Portrait of the Artist

John Haber
in New York City

Shunk-Kender, Holly Zausner, and Duane Michals

"The artist, like the God of the creation, remains within or behind or beyond or above his handiwork, invisible, refined out of existence, indifferent, paring his fingernails." James Joyce's conception of art is central to Modernism. The artist must stay out, and the rest of us, as T. S. Eliot wrote, must not waste time searching out his intention. What happens, then, when photography takes as its subject the artist?

The duo who went by the name Shunk-Kender kept themselves out of their work—to the point that few today will know them. They also helped create some of the biggest egos in art, but their staged photos of Yves Klein and others depend on their collaboration. Holly Zausner claims both sides of the camera for herself and a city without a community. Last, Duane Michals treats artists and friends as celebrities, while imposing a story in his own handwriting. John Baldessari's Hands Framing New York Harbor (photo by Shunk-Kender, Museum of Modern Art, 1971)But then Joyce's quote does come from Portrait of the Artist based on his childhood, his hero in Stephen has a fragile but inescapable ego, and he compares himself to a god.

Ego boosters

Even an egotist needs to work with others. Well before big markets and celebrity artists, Yves Klein designated his ultramarine International Klein Blue, but he contributed no more to its manufacture than the idea—and that was before he took a big leap. With his Saut dans le Vide (or "leap into the void"), he played at Superman, arms outstretched in midair while a cyclist continues his daily commute down the street, oblivious to the whole thing. But then a whole team had to catch him before he hit the pavement. Besides, someone had to construct the photomontage to hide them. If anyone was working without a net, it was the photographer.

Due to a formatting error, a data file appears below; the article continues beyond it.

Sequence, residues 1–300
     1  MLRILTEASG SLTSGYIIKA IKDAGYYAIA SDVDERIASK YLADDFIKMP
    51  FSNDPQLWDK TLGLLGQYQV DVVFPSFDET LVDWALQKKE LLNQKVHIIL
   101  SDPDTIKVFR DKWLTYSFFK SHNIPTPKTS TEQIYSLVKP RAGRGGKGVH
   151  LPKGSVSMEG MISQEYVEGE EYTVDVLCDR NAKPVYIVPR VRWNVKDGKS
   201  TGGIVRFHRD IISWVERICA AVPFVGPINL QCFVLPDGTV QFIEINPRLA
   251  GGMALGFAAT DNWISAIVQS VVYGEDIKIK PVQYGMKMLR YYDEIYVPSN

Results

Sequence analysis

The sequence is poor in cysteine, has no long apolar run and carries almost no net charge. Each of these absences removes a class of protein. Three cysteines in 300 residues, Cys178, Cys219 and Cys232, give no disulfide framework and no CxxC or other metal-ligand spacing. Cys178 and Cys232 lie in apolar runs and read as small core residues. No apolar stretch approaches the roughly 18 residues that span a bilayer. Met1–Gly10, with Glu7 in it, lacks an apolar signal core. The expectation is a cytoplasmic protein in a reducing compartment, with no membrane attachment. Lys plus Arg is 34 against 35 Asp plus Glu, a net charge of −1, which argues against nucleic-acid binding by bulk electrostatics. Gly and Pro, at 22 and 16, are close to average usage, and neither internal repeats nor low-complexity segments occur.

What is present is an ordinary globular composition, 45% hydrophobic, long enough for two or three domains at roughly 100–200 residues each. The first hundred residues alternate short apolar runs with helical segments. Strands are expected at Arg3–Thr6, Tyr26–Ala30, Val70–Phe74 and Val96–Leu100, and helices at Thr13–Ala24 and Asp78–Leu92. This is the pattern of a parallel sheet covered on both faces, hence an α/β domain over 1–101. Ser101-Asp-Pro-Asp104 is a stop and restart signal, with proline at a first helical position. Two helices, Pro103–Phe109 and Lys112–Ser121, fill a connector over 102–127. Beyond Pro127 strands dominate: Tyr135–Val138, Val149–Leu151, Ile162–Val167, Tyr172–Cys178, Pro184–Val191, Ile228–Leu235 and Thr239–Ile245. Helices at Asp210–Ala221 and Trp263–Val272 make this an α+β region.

Make that two photographers, Harry Shunk and János Kender, and that day in 1960 marked the start of their collaboration. With "Art on Camera," the Museum of Modern Art hopes to give credit where credit is due. As it turns out, they went on to work with others as well. Shunk, from Germany, and Kender, from Hungary, worked as Shunk-Kender, first in Paris and then in New York. To believe the curator, Lucy Gallun, they may well have helped to mold the artistic identity of more than two dozen others. Who knew?

I had never heard of the pair, but then collaborations and the avant-garde are messy things. One could just as well credit for Klein for creating them. Then, too, the one-room exhibition boils down to just two other projects. In 1968, the photographers assisted Yayoi Kusama in performance. She had nudes join her on the steps of the stock exchange, in the first true "occupy Wall Street." Then they covered one another with polka dots, much like her room in a clapboard house in Chelsea just this year.

Along with Kusama, Shunk-Kender were connecting the dots between "happenings" and art. They were also defining her gesture as political, rather than an overgrown child's birthday party. They did so by juxtaposing the two scenes, in the sobriety of black and white. The same devices go into a more extended project from 1971, conceived and organized by Willoughby Sharp, in which twenty-seven artists in their turn took over a pier in lower Manhattan. Here the emphasis lies on performance's ties to Minimalism and conceptual art. Together, the three projects draw on six hundred photos from the Shunk-Kender Foundation that have entered MoMA's permanent collection.

Museums usually credit each image to the more familiar artist, who may well hold the copyright, adding only "photograph by Shunk-Kender," but who came up with what? Mario Merz, for one, allowed the photographers free rein, although in images of him and his work. They do so progressively, in stills arranged like contact sheets, so that his signature dome structure is just be coming to be. Yet the arrangement also suggests a collage—and so an independent work. Other photos, perhaps, belong more obviously to the performer, but there, too, Shunk-Kender have their say. Pier 18 could be a staged textbook of that decade's art.